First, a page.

When What’s On TV joined Simon Amstell and his Grandma’s House co-stars Rebecca Front, Samantha Spiro, Linda Basset and co-writer Dan Swimer, Simon explained what new fun is in store in the second series of his hit comedy…

How would you describe the reaction to the first series?
“I think it was a really unclear reaction. At first people didn’t know what it was – was it a comedy or was it a drama, then: ‘What the hell is this?’ At first, I didn’t know whether I would have to leave the country in shame but I’m still here, I guess, so it must’ve been OK in the end.”

Was it hard to film the second series without the late Geoffrey Hutchings, who played Grandpa in the first run?
“There’s no doubt about it, it did feel strange at first and we still miss him. We decided to make it six months after the funeral. Because the character had cancer in the first series it was easy to write in so we didn’t have to come up with anything crazy. I missed him while writing it. Also his character was so funny, but it did make everything worse for everyone. The fact Simon’s grandpa is no longer with us has cranked it all up. It’s kind of driving the situation more and the tension is palpable. We join them all at a heightened time, Simon has moved in with his grandmother. She was already emotionally closed, and now she’s even more in denial about the death of her husband and even more unable to cope with reality.”

So is there even more tension between the sisters – his mum Tanya and moustached Liz?
“The sisters have never really got on but now haven’t spoken for six months, ever since the funeral. Grandpa was such a calming character in the house. No character in the show now can accept another character. So I guess that’s why it feels a bit more intense this time.”

You came in for a bit of stick for your acting first time around didn’t you?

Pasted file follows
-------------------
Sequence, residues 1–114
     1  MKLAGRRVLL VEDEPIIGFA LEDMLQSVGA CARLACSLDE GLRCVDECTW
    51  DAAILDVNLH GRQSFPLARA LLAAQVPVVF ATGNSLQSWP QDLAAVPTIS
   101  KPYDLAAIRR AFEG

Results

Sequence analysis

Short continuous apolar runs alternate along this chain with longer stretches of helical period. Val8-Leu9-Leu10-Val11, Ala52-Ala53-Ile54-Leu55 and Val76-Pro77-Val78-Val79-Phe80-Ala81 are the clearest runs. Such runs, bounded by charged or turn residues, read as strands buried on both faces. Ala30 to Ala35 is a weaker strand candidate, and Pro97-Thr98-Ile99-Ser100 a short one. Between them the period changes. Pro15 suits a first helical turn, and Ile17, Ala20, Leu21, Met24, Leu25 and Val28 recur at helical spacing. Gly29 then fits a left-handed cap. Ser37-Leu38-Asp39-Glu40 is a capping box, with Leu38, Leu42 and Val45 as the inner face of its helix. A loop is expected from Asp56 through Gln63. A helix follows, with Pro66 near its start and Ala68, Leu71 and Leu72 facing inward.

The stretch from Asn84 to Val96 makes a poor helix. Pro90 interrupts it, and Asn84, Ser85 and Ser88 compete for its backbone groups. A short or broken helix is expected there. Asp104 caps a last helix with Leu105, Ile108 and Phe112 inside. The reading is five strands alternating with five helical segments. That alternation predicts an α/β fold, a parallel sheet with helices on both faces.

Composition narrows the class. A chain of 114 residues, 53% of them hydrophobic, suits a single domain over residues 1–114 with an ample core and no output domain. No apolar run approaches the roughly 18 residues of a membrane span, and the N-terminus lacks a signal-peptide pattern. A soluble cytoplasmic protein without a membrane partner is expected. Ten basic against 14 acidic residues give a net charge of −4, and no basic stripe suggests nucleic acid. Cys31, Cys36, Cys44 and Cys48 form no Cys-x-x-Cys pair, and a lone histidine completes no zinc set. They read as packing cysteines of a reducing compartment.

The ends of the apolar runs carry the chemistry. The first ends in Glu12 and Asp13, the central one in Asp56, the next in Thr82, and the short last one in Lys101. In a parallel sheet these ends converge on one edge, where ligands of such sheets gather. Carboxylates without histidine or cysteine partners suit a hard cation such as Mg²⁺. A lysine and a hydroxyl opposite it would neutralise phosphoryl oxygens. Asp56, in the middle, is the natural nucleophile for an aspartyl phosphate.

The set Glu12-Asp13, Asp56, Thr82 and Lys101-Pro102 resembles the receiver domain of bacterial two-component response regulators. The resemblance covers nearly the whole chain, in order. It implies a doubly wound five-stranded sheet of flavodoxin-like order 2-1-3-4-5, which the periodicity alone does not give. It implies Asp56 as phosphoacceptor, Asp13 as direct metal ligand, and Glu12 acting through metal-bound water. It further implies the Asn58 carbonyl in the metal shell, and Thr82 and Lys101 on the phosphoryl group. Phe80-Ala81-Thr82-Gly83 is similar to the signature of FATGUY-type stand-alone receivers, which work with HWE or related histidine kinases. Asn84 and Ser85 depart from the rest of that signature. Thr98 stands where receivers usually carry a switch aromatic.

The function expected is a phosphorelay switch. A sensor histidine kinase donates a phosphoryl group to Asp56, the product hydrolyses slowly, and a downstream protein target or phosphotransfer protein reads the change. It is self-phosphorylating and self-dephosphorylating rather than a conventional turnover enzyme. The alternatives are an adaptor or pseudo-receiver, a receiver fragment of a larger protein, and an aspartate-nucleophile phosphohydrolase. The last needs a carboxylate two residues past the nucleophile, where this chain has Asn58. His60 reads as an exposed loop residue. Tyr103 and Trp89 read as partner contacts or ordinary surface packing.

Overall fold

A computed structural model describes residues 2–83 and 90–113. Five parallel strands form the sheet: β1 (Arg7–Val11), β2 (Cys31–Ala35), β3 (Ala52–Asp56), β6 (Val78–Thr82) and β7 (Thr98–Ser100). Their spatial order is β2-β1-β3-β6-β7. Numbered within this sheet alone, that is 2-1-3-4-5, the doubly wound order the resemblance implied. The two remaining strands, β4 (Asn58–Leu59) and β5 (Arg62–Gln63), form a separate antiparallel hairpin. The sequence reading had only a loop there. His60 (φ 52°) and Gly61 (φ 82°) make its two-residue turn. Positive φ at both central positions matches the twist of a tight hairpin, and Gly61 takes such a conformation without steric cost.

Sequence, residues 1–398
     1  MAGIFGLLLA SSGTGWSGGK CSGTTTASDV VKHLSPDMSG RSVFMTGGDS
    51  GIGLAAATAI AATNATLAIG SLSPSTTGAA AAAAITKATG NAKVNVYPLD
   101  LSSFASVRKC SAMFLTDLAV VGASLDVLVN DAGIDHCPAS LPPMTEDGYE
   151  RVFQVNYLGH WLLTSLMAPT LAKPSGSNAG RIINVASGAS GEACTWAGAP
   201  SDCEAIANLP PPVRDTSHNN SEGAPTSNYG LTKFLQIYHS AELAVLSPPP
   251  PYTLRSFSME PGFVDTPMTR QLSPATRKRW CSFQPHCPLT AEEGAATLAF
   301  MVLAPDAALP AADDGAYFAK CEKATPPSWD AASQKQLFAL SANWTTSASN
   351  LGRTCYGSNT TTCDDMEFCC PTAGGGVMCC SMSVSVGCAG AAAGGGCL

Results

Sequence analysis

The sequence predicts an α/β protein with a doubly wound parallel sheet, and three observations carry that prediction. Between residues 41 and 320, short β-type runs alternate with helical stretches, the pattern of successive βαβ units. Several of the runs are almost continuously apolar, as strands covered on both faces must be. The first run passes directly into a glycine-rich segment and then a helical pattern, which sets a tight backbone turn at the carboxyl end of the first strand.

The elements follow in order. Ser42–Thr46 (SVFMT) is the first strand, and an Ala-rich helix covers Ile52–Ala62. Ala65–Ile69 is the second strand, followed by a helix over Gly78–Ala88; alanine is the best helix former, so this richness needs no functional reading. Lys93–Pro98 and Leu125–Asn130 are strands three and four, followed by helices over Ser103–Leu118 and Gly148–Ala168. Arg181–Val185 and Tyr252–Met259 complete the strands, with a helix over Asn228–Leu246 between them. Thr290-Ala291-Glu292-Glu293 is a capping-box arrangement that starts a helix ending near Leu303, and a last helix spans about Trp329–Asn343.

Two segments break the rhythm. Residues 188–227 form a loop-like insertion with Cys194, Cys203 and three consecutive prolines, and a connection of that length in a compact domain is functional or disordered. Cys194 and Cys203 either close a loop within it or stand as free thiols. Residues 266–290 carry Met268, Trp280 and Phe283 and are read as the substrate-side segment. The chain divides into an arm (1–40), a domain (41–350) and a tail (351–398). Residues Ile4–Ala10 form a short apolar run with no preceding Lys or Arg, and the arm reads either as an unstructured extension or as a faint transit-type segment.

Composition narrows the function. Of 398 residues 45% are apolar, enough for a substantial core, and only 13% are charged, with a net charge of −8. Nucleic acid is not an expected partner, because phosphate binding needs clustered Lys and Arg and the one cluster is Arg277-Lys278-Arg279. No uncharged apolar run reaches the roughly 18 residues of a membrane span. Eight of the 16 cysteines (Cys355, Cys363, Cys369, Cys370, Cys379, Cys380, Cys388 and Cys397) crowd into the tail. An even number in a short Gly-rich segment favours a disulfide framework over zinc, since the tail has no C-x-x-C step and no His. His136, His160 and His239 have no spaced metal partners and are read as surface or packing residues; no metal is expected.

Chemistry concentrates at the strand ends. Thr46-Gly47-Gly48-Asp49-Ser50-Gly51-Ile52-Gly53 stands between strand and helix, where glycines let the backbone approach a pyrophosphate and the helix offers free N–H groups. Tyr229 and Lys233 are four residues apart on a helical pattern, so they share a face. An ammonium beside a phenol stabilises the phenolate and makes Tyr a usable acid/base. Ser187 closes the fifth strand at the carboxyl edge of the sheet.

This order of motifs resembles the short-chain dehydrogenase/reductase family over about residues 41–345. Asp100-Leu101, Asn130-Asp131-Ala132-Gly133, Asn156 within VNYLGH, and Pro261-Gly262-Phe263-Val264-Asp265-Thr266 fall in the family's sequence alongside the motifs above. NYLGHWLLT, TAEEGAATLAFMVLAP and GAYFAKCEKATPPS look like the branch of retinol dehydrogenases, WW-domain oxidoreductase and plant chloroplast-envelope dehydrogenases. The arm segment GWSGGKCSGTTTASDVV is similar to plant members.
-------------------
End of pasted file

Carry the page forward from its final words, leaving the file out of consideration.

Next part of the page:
“I just play myself… brilliantly! We address that in the opening episode and we kind of addressed it in the first series, too. It was something we always found funny to mention so we’ve gone even more nuts about that this time around. And because my character is now living in Grandma’s box room, there’s so much more scope for tension.”

Do people ever assume that the cast are your real family?
“Yeah, my real family think that! Or they think it’s based on them at the very least. But I’ve said before and it’s true, that even if you want to take your actual family and put them on screen it would be an impossible task, because it’s always your own perception. There are so many people that make up these characters in the same way that my character isn’t totally me. The mother character is made up of various different people as are the others. Also, the actors come in and bring a different feel to it themselves, things we weren’t expecting.”

In this week’s opening episode, you have your very first screen kiss – with Oliver Coopersmith playing teenager Mark. How was it for you?
“I was very tense and I think we filmed that scene at about 8am. It was also something that hadn’t appeared in the script when the actor auditioned. It turned out that the script was about three minutes shorter that it needed to be so we ended up improvising various things. The bathroom scene where it takes place did not exist in the original script. So we improvised some fabulously awkward stuff handing over this towel in the bathroom…”

So how did the kiss go?
“I said to the director: ‘Should I tell the actor that I don’t fancy him? And she was like: ‘No that’s rude, don’t say that!’ But the actor was really cool about it and we called each other dude quite a lot. But he was a lovely kisser. I just kissed him how I’d normally kiss someone. Simon sort of gets kissed as opposed to instigating it, so I could appear a bit tense and anxious about it so that was alright. But watching it back I was like: ‘Oh my God!’ That’s a strange thing to see.”

Grandma’s House starts on Thursday 19 April on BBC2 at 10pm